Best Practices

How to Comp Sales Teams  in a Crisis

Lindsey Armstrong

Much as we like to think we can exersize an iron grip on our own destiny and the destiny of the sales people in our team, some things are beyond our control.

When a macro event like COVID-19, or a significant economic downturn occurs, we have to adjust to a new reality.

Part of that reality in sales is compensation – it’s the clearest signal we can possibly give to  our teams to indicate what the company believes is important and what we want them to do. If the macro environment changes so that the comp plan no longer reflects our priorities, or becomes unattainable due to circumstances beyond our control, we need to adjust it.

That’s where many of us are right now.

There are many unknowns about how this will play out – so try to adjust the plan in fairly small increments – months or a quarter …. If you try to re-cast the whole year, there’s a strong likelihood you are going to have to do it again as more information becomes known.

Here’s a framework I’ve used before to try and organise compensation under pressure:

  1. Start with your data – honestly – and I mean honestly – assess where you are right now.
  2. Then assess the impact of the crisis on your particular business, by region, by industry, by segment.
  3. List what you can do to mitigate the impact – what do you stop doing? What do you double down on? What do you start doing?
  4. Identify the business gaps after the impact of your mitigation tactics.
  5. Focus comp adjustments on closing those gaps.

For example, it may lead you to a framework that looks like this:

  1. Data shows that I need 3x pipe on new business (NB), and 1.5x pipe on add-on business. NB closes in 180 days; add-on closes in 90. I am entering the crisis with total pipeline coverage of about 75% of what I would need in normal circumstances. My gap is 25% in normal times.
  2. Assessment in my business is that the crisis will delay new business by approximately 90 days, but will have a lesser effect on my add-on business in the business segments which can or will survive. The majority of my business is in USA and Europe; our strongest segments have been in transportation and leisure, but we have seeded business in new segments like hi-tech and security which we were intending on expanding into.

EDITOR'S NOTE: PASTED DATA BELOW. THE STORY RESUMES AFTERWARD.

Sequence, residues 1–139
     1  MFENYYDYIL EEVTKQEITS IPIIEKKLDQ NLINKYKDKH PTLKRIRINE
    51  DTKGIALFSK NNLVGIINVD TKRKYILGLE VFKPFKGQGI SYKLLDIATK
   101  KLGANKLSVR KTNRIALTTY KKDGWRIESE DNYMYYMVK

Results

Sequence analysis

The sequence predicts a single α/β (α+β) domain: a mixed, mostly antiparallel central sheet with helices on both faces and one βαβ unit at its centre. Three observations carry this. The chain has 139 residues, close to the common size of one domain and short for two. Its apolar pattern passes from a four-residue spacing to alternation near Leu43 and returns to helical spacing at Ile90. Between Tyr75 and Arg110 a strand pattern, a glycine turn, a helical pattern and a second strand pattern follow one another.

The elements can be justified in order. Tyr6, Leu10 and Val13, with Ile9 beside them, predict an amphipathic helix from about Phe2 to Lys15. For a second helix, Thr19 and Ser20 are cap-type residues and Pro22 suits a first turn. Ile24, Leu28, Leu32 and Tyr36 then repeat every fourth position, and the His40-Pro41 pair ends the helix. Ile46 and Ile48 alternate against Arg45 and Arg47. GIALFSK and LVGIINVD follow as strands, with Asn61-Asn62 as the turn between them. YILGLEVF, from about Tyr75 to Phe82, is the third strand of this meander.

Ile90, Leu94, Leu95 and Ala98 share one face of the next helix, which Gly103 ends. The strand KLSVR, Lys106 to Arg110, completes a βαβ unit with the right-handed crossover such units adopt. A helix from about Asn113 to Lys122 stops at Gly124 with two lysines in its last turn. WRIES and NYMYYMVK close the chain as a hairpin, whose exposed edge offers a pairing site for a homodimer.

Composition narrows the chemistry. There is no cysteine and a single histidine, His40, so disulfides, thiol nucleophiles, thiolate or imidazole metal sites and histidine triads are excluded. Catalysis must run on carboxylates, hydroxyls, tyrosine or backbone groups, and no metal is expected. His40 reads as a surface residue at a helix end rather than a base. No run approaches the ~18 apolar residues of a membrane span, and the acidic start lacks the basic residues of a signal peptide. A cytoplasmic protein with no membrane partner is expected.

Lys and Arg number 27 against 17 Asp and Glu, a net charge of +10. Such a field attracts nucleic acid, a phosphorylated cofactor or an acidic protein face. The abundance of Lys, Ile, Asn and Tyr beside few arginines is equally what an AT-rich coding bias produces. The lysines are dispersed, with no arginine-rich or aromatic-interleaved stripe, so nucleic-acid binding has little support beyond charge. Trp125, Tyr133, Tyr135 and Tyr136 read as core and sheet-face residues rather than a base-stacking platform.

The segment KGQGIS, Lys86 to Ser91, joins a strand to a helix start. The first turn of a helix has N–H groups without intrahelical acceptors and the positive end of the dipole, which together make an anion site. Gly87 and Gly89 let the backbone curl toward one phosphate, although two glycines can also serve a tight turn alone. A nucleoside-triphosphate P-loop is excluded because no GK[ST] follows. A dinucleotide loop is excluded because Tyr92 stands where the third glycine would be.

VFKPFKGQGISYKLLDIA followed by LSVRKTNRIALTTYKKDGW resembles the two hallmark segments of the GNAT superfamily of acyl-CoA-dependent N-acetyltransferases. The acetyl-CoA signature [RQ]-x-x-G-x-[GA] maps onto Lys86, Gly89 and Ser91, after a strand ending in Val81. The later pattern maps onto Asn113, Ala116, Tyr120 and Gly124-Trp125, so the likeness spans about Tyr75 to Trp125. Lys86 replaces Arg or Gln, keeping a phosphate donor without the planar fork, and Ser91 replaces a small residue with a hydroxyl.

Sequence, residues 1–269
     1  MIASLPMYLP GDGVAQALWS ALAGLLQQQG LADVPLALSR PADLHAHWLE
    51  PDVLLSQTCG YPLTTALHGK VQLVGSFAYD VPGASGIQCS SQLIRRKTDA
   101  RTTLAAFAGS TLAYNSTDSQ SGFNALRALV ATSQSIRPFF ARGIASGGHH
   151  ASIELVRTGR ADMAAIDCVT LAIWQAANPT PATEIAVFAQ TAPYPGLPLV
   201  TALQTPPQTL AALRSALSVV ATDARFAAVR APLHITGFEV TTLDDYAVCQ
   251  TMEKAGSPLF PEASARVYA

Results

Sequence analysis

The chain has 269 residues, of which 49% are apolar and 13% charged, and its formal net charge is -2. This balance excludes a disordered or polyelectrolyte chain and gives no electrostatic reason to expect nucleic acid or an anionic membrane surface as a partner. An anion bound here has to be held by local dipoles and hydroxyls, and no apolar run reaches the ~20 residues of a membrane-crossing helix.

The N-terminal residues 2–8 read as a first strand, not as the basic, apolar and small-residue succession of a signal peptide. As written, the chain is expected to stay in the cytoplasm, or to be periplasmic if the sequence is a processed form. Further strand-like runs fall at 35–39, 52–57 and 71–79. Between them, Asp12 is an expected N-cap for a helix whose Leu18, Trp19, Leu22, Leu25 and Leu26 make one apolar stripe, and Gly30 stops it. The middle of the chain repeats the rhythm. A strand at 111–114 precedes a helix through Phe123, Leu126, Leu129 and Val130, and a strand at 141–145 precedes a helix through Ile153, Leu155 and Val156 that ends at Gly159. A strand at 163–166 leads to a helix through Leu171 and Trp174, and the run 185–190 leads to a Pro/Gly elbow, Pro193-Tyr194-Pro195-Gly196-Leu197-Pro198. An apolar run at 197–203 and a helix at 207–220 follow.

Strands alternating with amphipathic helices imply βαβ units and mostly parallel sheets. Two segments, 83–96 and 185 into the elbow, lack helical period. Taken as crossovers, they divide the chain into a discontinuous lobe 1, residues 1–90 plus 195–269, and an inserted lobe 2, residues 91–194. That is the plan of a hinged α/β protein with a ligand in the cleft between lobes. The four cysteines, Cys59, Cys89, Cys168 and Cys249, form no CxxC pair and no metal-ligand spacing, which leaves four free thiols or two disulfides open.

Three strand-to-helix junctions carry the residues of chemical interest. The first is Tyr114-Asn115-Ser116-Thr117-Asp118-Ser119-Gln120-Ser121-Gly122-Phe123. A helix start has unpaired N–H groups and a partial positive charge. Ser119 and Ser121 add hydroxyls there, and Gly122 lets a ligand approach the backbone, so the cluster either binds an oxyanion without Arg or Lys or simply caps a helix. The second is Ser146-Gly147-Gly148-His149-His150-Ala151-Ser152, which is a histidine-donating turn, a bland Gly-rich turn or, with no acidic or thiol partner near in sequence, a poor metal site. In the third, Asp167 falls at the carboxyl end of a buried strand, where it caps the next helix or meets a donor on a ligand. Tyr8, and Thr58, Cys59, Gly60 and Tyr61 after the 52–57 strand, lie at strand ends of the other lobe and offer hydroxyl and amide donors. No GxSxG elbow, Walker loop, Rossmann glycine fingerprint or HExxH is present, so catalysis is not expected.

3. Mitigation could look like this:
    1. Stop short term demand generation for net new business in transportation and leisure
    2. Double down on short term demand generation for hi-tech and security – it may end up taking a longer deal cycle to close, but will be important in 6-9 months time
    3. Double down on contacting and listening to all your customers – you want to keep the ones you already have in troubled industries, and look for expansion in those industries less affected.
    4. Build specific package offerings to bridge customers through this period – this may include 12 for the price of 10 month contracts; or contract suspensions; or payment terms you’d normally prefer not to take – whatever these are, don’t fall for the ‘we’ll do this ad hoc as needed’ – put some framework in place so, that in trying to be flexible, you don’t actually put extra sand in the gears.
  4. The business impact even after mitigation may be harsh: pipeline coverage will likely fall to 50% of what is needed to hit near term numbers due to a combination of longer deal cycles and fewer deals in pipe likely to close.
  5. You make a comp adjustment to drive the behaviour you need, which could include:
    1. Next quarter targets reduced by 50%
    2. Spiffs on target industry deals
    3. Spiff on pipeline creation (I normally hate paying on pipe, but there are ways you can accommodate this … say by increasing commission on deals created in this quarter which close in the year…)
    4. MBO’s around retention/renewal – in a crisis, your existing customers are inevitably the ones who keep you in business

The most important thing is to recognise that a comp adjustment is needed – burying your head in the sand while your troops wonder how you got so out of touch is not the way to go. Value speed over internal shenanigans which involve folks who are not at the pointy end of revenue trying to boil the ocean, and create fully scoped risk free plans – they don’t exist in a crisis! Only bite-sized increments of forward momentum, which you can build on, to retain the spirit and camaraderie which is so critical in any successful sales team.

 

Author
Lindsey Armstrong

Board of Directors | XANT